By Jim Schutze
By Rachel Watts
By Lauren Drewes Daniels
By Anna Merlan
By Lee Escobedo
By Eric Nicholson
But Campos never fixed anything. His story now is that the parents never told him about segregation at Preston Hollow. Instead, he says, they mainly griped about Parker and how she couldn't speak Spanish. Campos, who also hasn't read the judge's ruling even though he's in it, later told his LULAC colleague that the parent's concerns were not credible.
Even after the judge's ruling, local LULAC chapters largely remained silent. The local district director for LULAC, the otherwise vigilant Coty Rodriguez Anderson, has been practically invisible. Of course, Anderson has the same dilemma as her LULAC peers. She works as a school counselor for DISD.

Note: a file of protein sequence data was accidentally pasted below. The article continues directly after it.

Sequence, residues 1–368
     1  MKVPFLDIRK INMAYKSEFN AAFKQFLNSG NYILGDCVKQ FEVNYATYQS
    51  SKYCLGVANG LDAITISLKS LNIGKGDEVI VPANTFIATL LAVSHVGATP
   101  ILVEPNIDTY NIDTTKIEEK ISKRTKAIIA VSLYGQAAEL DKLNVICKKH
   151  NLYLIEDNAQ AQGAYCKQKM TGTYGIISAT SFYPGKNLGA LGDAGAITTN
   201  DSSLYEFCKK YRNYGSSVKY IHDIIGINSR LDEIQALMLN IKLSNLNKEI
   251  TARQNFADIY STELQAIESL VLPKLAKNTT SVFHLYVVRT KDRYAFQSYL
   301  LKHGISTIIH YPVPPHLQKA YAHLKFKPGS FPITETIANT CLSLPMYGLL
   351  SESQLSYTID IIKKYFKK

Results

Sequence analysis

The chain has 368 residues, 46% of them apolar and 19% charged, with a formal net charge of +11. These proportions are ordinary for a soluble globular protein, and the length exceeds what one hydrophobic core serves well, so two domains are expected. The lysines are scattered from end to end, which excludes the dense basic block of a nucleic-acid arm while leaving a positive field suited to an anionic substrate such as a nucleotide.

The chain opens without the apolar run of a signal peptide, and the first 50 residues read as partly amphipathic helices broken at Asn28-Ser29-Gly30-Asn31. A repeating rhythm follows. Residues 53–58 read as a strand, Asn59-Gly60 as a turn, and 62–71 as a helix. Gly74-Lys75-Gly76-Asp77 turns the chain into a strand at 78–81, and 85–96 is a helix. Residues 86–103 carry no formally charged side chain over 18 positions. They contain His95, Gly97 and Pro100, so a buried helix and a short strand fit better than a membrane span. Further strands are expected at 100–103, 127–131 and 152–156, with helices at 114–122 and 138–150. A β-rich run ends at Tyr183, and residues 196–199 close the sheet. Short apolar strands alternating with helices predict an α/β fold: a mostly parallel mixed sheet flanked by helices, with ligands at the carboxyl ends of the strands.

But while Flores and Campos seem relatively apathetic about the judge's ruling, Anderson at least expresses outrage over what happened. About LULAC's surprisingly low profile in the wake of the judge's ruling, Anderson admits, "It's on me."
The theme of split allegiances seems to run through the entire saga. When Casey Thomas was sworn in as the new president of the local chapter of the National Association for the Advancement of Colored People, The Dallas Morning News quoted him as saying, "We ain't going to take it anymore." But the NAACP has not exactly raised hell about why two-thirds of all black children at Preston Hollow somehow wound up in ESL classes. Of course, Thomas is a DISD teacher.